Terminal Command Hacks - Using Aliases
I work in terminal frequently with various operating systems; primarily macOS and Fedora. The more I used it in my day to day work life, the more I found myself entering the same commands, some rather lengthy. Creating aliases for commands is a great way to make my terminal life more efficient. Let’s take a look at a simple example in which making an alias still provided what I needed and helps my work in different operating systems a little more seamless.
The first comes from the simple
ll command in Fedora. This lists the contents of the current working directory. Take a look at the following…
I’m currently working in the directory
/home/paullyb/Example and when I use the
ll command you can see that I have 3 files and 2 folders in that directory. This view also lists the permissions for each as well as the time they were created. If I enter the same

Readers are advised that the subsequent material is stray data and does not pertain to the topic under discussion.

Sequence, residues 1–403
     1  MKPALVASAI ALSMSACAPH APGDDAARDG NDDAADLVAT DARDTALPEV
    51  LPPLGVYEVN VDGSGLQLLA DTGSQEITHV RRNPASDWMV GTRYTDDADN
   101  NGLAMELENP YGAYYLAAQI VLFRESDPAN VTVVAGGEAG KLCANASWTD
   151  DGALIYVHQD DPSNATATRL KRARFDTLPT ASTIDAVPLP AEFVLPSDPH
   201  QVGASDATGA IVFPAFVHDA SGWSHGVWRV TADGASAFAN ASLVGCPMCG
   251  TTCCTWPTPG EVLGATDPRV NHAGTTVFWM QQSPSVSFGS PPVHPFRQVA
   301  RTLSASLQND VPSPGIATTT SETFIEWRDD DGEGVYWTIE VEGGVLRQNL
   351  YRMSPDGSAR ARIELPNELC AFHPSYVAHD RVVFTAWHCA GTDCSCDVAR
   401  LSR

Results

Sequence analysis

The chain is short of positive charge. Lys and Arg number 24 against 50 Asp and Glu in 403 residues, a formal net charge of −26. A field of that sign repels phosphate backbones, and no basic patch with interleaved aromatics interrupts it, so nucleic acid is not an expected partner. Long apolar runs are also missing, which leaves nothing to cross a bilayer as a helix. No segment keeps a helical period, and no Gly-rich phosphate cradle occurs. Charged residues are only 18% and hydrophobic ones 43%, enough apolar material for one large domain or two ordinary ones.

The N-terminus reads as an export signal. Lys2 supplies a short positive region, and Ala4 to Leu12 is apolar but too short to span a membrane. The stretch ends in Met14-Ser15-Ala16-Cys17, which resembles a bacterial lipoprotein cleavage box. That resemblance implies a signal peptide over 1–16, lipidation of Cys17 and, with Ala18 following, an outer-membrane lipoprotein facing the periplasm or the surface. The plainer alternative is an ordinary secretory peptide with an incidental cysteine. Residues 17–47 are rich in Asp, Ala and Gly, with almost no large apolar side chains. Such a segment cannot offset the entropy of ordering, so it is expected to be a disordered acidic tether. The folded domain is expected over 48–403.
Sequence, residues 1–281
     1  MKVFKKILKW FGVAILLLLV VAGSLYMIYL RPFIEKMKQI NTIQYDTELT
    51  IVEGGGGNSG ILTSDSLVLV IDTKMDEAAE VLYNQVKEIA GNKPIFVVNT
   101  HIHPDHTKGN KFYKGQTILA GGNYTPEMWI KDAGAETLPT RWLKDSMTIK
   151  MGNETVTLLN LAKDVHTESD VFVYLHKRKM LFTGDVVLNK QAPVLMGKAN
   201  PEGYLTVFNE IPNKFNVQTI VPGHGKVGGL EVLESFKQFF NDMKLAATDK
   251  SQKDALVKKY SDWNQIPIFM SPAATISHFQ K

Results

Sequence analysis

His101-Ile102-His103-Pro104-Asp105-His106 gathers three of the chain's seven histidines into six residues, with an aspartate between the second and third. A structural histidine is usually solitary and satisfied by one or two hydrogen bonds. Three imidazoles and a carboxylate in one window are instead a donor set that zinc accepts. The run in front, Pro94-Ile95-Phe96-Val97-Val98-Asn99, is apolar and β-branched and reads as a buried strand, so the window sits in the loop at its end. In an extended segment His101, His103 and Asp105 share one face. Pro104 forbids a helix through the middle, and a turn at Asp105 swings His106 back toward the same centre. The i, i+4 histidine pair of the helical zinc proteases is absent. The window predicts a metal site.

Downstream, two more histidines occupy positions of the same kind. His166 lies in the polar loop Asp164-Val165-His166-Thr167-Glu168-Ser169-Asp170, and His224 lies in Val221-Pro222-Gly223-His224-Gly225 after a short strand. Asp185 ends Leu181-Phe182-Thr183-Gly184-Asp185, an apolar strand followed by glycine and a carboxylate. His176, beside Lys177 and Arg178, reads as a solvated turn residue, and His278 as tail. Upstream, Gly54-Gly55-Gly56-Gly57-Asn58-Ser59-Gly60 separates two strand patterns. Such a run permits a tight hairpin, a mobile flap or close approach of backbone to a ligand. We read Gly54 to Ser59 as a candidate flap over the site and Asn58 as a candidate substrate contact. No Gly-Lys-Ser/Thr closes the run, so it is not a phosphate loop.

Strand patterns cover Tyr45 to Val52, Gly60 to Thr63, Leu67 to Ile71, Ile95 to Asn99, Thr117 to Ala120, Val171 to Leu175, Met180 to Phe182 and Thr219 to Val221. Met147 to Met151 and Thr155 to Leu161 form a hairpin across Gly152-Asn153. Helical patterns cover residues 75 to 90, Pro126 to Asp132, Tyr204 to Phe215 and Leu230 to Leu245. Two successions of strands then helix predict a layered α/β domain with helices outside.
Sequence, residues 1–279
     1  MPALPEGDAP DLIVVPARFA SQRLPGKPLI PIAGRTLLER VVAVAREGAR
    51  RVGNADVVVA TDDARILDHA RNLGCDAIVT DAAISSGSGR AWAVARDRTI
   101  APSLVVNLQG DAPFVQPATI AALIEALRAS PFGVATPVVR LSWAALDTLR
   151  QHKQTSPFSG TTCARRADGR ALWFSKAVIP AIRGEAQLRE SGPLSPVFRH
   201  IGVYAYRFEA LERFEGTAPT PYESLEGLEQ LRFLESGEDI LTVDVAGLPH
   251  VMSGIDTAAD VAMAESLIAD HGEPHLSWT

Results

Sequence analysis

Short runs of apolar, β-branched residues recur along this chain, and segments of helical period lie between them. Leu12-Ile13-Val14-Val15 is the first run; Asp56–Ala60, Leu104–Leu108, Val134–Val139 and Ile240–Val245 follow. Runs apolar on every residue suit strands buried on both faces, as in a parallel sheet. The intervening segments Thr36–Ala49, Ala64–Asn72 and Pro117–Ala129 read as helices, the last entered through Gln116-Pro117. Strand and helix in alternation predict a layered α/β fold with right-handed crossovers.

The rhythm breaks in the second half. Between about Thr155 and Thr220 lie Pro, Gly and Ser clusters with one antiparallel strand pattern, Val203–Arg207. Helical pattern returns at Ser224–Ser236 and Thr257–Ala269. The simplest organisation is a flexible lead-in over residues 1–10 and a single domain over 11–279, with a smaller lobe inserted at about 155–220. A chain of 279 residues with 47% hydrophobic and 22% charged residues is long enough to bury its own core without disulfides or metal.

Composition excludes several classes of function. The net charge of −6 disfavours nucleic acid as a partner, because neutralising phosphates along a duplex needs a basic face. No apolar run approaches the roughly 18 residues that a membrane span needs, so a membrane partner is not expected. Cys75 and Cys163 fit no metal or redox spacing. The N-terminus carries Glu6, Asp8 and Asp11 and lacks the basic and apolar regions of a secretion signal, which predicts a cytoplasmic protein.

ll command from my Mac, this is the result…
ll command is not universal; however, I used Fedora so frequently, that I found myself naturally entering
ll in an attempt to list contents in the same manner. The macOS command to do the same is
ls -al. As I found myself entering
ll naturally I decided to make it an alias in macOS so that I could enter it and get the result that I wanted. I did this by editing my
.bash_profile and adding this line at the end:
alias ll=”ls -al”
.bash_profile you need to either restart your terminal session or source the file for the changes to take effect.
After the changes were applied, I can now enter the
ll command in terminal on my Mac and get the same view as if I entered
This is just a simple example, but you can alias any command you need. If you have lengthy commands that you enter frequently, consider creating a short alias for them. This helps save time and reduces the chances of creating a typo when entering them. You’ll also still be able to tab complete the commands. Reach out of you have any questions as you are setting up your aliases!